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Life Cycle of Stars

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by

Brigid Edwards

on 16 October 2013

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Transcript of Life Cycle of Stars

Life Cycle
of Stars

I can:

Describe the difference between mass & weight
Identify our sun's mass & life cycle
Predict the life cycle of high and low mass stars

A star begins
as a nebulae

This heat is what makes the star shine!
A star is formed....

When a large amount of gas (mostly hydrogen) starts to collapse on itself due to gravitational attraction, the atoms collide with each other faster and faster until it heats up.
Eventually the gas becomes so hot that the atoms no longer bounce off of each other...but begin to violently smash into each other and bond to produce helium. As the matter condenses, it becomes a protostar.
It contines to condense and heat up. Eventually it reaches critical mass and nuclear fusion begins.
The heat released is like an atom bomb explosion!
Main Sequence Star
Once the star is formed, it becomes a main sequence star.
It then follows one of 3 different life cycles depending on its mass.
Sun-like stars (small mass) - up to 1.5 times the mass of the sun
Huge stars - 1.5 to 3 times the mass of the sun
Giant Stars - over 3 times the mass of the sun
Red Giant
Planetary Nebula
White Dwarf
Black Dwarf
Small Mass Stars
(up to 1.5 times the mass of our sun)
Large Mass Stars
(1.5 times the mass of our Sun and larger)
Red Supergiant
Neutron Star
Black Hole
Supernova
Stars will spend most of their life as
Main Sequence Stars
Mass & Weight
Mass - The amount of matter that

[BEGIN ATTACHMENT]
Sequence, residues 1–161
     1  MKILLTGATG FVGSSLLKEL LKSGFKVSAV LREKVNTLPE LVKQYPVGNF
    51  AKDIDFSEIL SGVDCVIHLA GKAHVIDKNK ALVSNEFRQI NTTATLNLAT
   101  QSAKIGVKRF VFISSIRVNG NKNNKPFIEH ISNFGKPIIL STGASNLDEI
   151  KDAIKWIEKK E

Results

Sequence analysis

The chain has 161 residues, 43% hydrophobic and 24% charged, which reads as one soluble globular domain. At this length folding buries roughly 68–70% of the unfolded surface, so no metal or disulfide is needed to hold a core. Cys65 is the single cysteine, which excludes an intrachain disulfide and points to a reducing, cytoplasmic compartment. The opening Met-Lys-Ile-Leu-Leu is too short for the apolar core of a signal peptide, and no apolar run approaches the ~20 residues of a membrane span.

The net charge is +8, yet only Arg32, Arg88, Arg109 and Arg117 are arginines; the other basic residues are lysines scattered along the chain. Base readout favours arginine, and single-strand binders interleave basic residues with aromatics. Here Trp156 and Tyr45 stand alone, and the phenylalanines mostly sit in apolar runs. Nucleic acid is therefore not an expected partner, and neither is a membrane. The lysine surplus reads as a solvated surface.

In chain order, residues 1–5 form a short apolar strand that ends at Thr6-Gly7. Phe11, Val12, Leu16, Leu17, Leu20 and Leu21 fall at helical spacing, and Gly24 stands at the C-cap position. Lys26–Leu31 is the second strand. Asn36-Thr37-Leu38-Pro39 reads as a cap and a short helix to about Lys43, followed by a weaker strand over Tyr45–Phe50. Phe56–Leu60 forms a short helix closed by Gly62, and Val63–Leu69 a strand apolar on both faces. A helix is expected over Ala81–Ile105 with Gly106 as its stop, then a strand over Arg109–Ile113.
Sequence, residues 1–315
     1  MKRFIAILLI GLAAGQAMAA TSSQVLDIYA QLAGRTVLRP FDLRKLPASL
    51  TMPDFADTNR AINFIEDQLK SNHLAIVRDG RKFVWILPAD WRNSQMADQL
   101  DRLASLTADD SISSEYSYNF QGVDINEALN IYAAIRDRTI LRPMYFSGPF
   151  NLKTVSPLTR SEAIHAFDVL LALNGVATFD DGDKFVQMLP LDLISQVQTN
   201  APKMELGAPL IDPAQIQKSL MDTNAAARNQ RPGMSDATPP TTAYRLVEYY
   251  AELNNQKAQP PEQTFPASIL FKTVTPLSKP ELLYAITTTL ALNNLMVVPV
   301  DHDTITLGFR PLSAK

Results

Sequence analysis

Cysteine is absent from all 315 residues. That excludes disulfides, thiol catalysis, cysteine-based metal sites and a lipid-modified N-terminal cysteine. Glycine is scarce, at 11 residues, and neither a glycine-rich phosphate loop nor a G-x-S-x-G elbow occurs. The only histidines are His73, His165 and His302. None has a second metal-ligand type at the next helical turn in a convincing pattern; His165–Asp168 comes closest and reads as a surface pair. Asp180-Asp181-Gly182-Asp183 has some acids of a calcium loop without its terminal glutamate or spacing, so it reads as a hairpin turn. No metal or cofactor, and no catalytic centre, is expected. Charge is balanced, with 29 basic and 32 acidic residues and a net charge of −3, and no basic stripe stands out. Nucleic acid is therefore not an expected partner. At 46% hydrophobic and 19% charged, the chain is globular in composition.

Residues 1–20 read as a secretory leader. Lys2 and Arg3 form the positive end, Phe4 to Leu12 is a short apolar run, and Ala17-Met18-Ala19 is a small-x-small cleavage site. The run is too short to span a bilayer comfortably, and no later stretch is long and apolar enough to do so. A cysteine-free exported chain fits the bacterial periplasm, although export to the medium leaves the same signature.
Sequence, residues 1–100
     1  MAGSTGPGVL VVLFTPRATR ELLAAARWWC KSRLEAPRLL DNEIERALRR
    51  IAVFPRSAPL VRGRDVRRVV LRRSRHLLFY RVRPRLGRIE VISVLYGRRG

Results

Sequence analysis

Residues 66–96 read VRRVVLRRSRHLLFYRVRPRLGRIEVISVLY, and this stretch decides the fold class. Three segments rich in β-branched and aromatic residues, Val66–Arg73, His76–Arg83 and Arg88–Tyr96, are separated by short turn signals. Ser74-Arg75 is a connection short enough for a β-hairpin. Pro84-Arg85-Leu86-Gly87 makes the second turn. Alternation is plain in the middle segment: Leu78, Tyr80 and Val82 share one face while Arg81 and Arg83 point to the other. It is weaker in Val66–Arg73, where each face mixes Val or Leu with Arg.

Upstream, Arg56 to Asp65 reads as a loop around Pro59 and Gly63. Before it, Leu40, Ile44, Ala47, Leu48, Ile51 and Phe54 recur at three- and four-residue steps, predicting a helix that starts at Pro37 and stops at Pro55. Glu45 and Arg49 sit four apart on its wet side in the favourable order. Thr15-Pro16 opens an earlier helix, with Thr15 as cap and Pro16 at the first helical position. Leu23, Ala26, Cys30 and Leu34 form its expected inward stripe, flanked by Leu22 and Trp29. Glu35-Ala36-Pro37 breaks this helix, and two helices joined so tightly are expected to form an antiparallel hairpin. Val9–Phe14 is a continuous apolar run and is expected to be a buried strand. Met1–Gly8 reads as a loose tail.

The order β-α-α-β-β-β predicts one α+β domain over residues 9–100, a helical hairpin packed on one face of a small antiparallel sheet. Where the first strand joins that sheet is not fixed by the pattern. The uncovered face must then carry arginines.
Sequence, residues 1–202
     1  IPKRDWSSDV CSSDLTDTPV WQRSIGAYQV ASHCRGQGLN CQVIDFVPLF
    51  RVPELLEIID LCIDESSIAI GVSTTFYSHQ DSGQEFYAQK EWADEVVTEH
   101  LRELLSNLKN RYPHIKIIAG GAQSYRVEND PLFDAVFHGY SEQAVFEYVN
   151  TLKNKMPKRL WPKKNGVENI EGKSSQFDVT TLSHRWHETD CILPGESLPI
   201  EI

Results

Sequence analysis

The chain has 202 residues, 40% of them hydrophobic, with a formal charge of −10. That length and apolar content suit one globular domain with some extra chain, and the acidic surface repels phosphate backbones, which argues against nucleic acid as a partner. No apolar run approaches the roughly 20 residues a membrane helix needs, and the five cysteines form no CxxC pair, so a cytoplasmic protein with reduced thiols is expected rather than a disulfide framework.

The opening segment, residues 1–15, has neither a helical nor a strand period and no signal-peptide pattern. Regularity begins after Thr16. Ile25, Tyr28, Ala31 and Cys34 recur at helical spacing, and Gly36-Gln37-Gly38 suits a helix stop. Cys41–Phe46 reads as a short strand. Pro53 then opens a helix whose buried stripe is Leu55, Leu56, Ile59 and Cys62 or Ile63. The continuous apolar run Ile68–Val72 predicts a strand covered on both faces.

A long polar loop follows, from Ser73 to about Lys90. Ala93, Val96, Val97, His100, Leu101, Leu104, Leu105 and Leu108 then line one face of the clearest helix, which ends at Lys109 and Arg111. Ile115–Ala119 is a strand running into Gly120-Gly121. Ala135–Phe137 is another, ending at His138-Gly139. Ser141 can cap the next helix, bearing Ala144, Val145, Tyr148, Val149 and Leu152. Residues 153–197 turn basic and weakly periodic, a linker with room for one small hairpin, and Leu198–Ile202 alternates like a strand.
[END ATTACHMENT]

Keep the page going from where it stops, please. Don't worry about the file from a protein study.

makes up an object

Weight - a unit of measure of gravitational force
Main sequence star
Stars will eventually begin to run out of fuel
Small mass stars can burn for billions of years.
The smaller the mass, the longer it will burn because it uses less fuel (think of a small car vs. a large SUV)
As a star begins to run out of fuel, it will expand and become larger. It is then known as a Red Giant
When our sun begins to run out of fuel, it will grow large enough to consume Mercury, Venus and Earth.
As the outer layers of the star begin to burn off,
it becomes a planetary nebula.
As the core continues to cool,
it becomes a white dwarf. This stage can last for tens or hundreds
of billions of years.
A white dwarf cools until it becomes a black dwarf, which emits no energy. Because the universe's oldest stars are only 10 billion to 20 billion years old there are no known black dwarfs—yet.
When High Mass Stars begin to lose
fuel, they begin to cool, expand and
become a Red Supergiant.
If the star is massive enough, the collapse will
trigger a violent reaction in a Super Nova
After the star becomes a Super Nova and explodes, the huge star no longer has nuclear fusion and collapses in on itself. It then becomes a neutron star. It is so dense that one sugar cube of a neutron star matter would weigh about 100 million tons on earth!
Huge Stars
Giant Stars
When a Giant Star explodes into a Super Nova, it collapses so completely that it literally disappears from the universe.

What is left behind is so dense, that nothing can escape it's gravitational pull...not even light! This is
a Black Hole
Credits
Hawking, Stephen (2007) A Brief History of Time - The Universe in a Nutshell. New York, New York. Bantam Dell.

National Geographic (2013) Neutron Stars - Incomprehensible Density. retrieved 10/11/13 from http://science.nationalgeographic.com/science/space/solar-system/neutron-stars.html

National Geographic (2013) . White Dwarfs - Aging Stars. retrieved 10/11/13 from http://science.nationalgeographic.com/science/space/universe/white-dwarfs-article.html

YouTube. Crab Supernova Explosion. Retrieved 10/10/13 from
By Brigid Edwards
Nebula RCW49
Orion Nebula
Horse-head Nebula
Full transcript